Web of Trust

Web of Trust


Unlike a government issued identity, in a global society, people can identify each other with cryptography.

In a Web of Trust system, peers validate the identity of other peers. This forms a network of reputation. This system is modeled after real life trust systems, such as the 5-star rating for restaurants.

Core concepts we’ll be showing is how to use GnuPG to share your digital identity, digitally sign the identities of others, and receive signatures from others.

Sharing your Keys

After generating your keys from either the Simple or Advanced steps, you will want to publish your keys so others can find them.

Currently, there are 4 popular ways of sharing keys.

  • OpenPGP Key servers (SKS and Hagrid)
  • DNS Records
    • PKA Records
    • PGP Cert Records
    • IPGP Cert Records
  • Keybase
  • WKD - Web Key Directory

Most common way to share keys is publishing to key servers.

Key servers will eventually share data between each other, so generally if you publish to one server, the rest will receive at some point. These servers are old and not well maintained, so it may be best practice to publish to multiple servers anyhow.

  1. Obtain your pgp key fingerprint
gpg --list-keys youremail@domain.com

Note: your fingerprint will be a 40 character string

  1. Share your key with a key server
  • keyserver.ubuntu.com
  • pgp.mit.edu
  • keys.gnupg.net
  • keys2.kfwebs.net
gpg \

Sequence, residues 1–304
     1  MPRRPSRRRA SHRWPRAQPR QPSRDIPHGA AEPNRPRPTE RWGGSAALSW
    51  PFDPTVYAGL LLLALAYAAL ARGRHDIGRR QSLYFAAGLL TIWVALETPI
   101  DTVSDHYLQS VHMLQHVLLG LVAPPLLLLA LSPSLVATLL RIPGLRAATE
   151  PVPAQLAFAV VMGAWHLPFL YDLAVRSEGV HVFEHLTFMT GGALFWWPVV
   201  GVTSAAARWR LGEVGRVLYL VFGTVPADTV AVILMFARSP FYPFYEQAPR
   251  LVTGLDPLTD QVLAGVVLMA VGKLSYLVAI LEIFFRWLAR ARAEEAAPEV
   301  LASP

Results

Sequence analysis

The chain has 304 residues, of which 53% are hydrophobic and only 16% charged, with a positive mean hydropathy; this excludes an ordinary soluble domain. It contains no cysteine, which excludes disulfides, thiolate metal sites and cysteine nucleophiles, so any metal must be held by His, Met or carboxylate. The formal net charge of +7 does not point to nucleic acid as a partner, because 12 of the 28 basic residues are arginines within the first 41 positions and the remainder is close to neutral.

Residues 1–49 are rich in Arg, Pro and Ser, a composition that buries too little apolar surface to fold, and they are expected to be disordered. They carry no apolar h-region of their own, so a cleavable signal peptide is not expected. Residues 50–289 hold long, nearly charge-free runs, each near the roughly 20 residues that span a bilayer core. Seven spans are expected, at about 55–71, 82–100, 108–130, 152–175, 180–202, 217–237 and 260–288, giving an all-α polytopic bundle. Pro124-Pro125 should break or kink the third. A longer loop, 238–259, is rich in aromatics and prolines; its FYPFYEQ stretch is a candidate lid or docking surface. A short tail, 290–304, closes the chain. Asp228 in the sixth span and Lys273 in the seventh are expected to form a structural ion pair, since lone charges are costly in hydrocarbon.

--keyserver keys.gnupg.net \
  --send-keys ABCDEF0123456789ABCDEF0123456789ABCEDF01

Importing Signatures

There are different conventions for sharing signatures. Some people that sign your key may opt to publish the signatures to key servers on your behalf. If someone has chosen to do this, then you are all set and don’t need to do anything. That said, there are very good reasons as to why that is bad practice, unless you know someone very well and have your permission.

When dealing with a stranger, or just to use best practices, you want to prove they own the email address linked to their keychain as well as proving they actually control the key they said is theirs.

A common method of doing this is signing someone’s individual email addresses in their keys (called UIDs), encrypting the signature data to the claimed keychain, then emailing those signature “packets” to each email address listed. These steps prove they own the email address and can decrypt data sent to that key. These practices avoid you being tricked into signing a key owned by someone else.

If someone has emailed you encrypted signatures, you can decrypt, import, and publish them as follows:

  1. Download any encrypted signatures from your email. Encrypted files will almost always ends in .asc, however, these steps will work regardless of how the file is named.

  2. Import key of individual who signed you

gpg --recv-keys ABCDEF0123456789ABCDEF0123456789ABCEDF01

  1. Decrypt and import signature file
gpg --decrypt encrypted.asc | gpg --import
  1. Verify new signature
gpg --list-sigs youremail@domain.com
  1. Publish new signature
gpg \
  --keyserver keyserver.ubuntu.com \
  --send-keys ABCDEF0123456789ABCDEF0123456789ABCEDF01

Creating Signatures

To sign another person’s key you will need your Master Key which is the only one with the Certify permission on your keychain. The Certify permission allows you to certify a change to your key or a signature added to someone else’s.

If you followed our Simple steps for setting up a GPG smartcard, then your certified key is on the card you use everyday.

If you followed the Advanced steps, your certified key is likely on another GPG smartcard than the one you use everyday.

  1. Import key to be signed
gpg --recv-keys ABCDEF0123456789ABCDEF0123456789ABCEDF01
  1. Sign key
gpg --ask-cert-level --sign-key ABCDEF0123456789ABCDEF0123456789ABCEDF01
  1. Encrypt signature
gpg --export theiremail@domain.com \
  | gpg \
    --sign \
    --encrypt \
    --armor \
    --recipient ABCDEF0123456789ABCDEF0123456789ABCEDF01 \
  > encryptedsig.asc
  1. Email encrypted file with signature to signee